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Tag Archives: O’Bannon

The Great Escape: The NCAA Receives a Tremendous Ruling for Now and The Future in The O’Bannon Appeal Decision

On Wednesday, September 30, 2015, the Ninth Circuit Court of Appeals issued an opinion on the NCAA’s appeal of O’Bannon vs. NCAA. The decision was a massive win for the NCAA, and for a number of reasons, the decision was a massive defeat for proponents seeking increased compensation for student athletes.

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Sports Law Links

Each week The Sports Esquires keep track of the sports law headlines so you don’t have to. This week’s edition features another Deflategate omnibus, the NHL broadcast settlement, and a host of NCAA issues.

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Sports Law Links

Each week The Sports Esquires keep track of the sports law headlines so you don’t have to. This week’s edition highlights the ongoing FIFA scandal and Sepp Blatter’s resignation, the UNC academic fraud allegations, and Tom Benson’s mental competency trial.

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Sports Law Links

Each week The Sports Esquires keep track of the sports law headlines so you don’t have to. This week’s edition covers the stunning FIFA indictments and arrests, Greg Hardy’s suspension, and introduces some new sports law scholarship.

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Sports Law Links

Each week The Sports Esquires keep track of the sports law headlines, so you don’t have to. The NFL season may be over, but the league’s sports law issues are not. Enjoy our post-Super Bowl edition of Sports Law Links.

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Sports Law Links

As usual, NFL scandals dominate the sports law world. But don’t miss the fascinating soccer stories and in-depth coverage of match-fixing issues in this week’s edition of Sports Law Links.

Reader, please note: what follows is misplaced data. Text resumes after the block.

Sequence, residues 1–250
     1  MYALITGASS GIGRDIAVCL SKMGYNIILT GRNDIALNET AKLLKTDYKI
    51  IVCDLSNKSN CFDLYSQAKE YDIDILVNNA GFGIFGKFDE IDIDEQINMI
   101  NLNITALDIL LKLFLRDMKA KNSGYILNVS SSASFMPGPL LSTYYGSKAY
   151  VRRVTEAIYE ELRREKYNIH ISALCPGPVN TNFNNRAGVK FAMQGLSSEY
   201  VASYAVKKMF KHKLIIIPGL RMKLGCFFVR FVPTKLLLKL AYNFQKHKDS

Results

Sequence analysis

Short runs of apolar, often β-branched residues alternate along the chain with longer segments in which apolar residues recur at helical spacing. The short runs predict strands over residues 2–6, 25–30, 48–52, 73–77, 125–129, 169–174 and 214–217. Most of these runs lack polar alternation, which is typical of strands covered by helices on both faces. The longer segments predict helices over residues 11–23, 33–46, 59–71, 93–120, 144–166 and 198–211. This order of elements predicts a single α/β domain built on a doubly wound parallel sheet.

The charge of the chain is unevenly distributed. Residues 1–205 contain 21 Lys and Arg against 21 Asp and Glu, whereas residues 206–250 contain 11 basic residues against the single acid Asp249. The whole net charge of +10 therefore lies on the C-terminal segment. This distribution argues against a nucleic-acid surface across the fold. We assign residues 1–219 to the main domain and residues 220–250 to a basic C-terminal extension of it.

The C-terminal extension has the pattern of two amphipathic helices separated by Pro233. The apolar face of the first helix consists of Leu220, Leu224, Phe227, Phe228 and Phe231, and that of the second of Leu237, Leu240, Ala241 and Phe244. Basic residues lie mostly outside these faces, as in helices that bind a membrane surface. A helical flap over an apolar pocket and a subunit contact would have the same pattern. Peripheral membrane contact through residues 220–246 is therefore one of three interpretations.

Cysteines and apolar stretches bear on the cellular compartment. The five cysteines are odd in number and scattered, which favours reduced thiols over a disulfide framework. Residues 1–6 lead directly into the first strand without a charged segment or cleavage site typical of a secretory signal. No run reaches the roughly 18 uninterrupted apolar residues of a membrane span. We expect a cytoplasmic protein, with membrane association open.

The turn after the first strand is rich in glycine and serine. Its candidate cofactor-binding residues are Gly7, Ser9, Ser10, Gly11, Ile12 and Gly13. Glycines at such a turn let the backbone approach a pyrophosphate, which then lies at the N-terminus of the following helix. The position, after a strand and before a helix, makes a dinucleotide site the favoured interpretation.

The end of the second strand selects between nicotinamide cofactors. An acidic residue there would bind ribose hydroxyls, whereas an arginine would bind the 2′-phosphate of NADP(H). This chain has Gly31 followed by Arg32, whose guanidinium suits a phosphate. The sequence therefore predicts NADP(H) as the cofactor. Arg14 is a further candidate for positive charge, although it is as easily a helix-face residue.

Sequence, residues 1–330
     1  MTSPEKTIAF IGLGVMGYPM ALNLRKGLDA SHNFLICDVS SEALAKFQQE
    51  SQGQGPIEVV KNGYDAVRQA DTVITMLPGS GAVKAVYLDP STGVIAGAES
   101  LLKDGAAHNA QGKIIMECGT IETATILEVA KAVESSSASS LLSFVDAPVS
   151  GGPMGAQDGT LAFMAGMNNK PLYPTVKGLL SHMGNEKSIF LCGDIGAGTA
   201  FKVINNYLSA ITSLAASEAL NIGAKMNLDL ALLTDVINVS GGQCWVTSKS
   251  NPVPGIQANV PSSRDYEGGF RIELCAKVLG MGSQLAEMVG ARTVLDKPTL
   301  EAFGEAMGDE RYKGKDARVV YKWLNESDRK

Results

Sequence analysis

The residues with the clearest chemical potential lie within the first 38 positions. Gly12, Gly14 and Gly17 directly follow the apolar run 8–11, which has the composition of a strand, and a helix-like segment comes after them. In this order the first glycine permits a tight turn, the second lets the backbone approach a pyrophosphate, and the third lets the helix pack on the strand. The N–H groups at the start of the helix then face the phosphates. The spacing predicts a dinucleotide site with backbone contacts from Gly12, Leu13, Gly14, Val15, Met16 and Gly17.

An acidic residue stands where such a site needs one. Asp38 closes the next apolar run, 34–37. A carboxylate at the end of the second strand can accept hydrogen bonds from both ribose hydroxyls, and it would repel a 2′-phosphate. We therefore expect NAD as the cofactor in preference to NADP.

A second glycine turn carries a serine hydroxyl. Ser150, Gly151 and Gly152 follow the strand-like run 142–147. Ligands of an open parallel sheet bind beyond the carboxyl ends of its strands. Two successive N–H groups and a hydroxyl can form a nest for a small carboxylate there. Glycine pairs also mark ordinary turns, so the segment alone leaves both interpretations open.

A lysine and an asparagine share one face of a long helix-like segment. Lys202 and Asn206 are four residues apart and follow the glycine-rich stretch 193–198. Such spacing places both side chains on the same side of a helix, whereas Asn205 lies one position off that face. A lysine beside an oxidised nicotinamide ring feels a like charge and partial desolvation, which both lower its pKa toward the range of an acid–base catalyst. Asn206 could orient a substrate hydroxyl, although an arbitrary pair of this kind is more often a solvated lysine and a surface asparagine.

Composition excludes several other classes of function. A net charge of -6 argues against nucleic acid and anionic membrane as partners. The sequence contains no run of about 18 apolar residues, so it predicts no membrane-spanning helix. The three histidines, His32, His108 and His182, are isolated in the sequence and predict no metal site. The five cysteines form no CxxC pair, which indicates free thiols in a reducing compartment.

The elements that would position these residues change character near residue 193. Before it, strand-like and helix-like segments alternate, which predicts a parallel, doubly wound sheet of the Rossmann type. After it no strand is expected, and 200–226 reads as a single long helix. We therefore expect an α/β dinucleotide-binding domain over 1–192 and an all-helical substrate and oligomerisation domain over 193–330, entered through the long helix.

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Sports Law Links

It has been a busy couple of weeks in the world of sports law. The Sports Esquires rounds up the top stories in sports law as part of our effort to keep you informed about all that is happening behind the scenes of your favorite leagues and teams.

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The Curious Case of Ed O’Bannon: How the NCAA Managed to Lose Almost Every Point in the Landmark Case and Still Avoid Having to Make Any Sweeping Changes.

On Friday, August 8, the first decision in a wave of litigation against the NCAA hit the shores. The decision by Judge Claudia Wilken of the United States District Court for the Northern District of California is both important and intriguing. The decision is the first time in major litigation that a court has not given deference to the NCAA’s commitment to amateurism when those regulations seem to conflict with antitrust laws. The decision has been hailed by many as “the death of amateurism;” however, a close analysis will show that statement to be a minor exaggeration. In reality, it will merely force the NCAA to make better and more reasoned arguments for what it does.

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Dr. Enforcement: Or How I Learned to Stop Worrying and Love NCAA Interpretive Flexibility

The NCAA announced a new interpretive philosophy. If this philosophy works, everyone wins. Student-athletes will likely receive more minimal participation benefits without having to pay back paltry amounts. Compliance offices can actually say yes to coaches and staff members more often, without the NCAA second-guessing the institution. Lastly, the NCAA’s small and overburdened enforcement staff can relax in the knowledge that they will see less violations (stupid or just minimal) cross their desks. But if the philosophy doesn’t work, the NCAA could devolve into interpretive chaos, and just become another thorn in the organization’s side.

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Could the NCAA Lose Its Tax-Exempt Status?

Football players at Northwestern have cast their union votes. Beyond the outcome of that vote, much uncertainty remains. If the status of scholarship athletes as employees is confirmed on appeal, what does it do to their status as amateur athletes? For student athletes who choose to unionize, what additional benefits/compensation will they seek, and what effect with that have on their amateur statuses? And what effect will these developments have on the tax-exempt status of the NCAA and its member institutions? As you’ll see, the answer to these questions may all be up to the NCAA itself.

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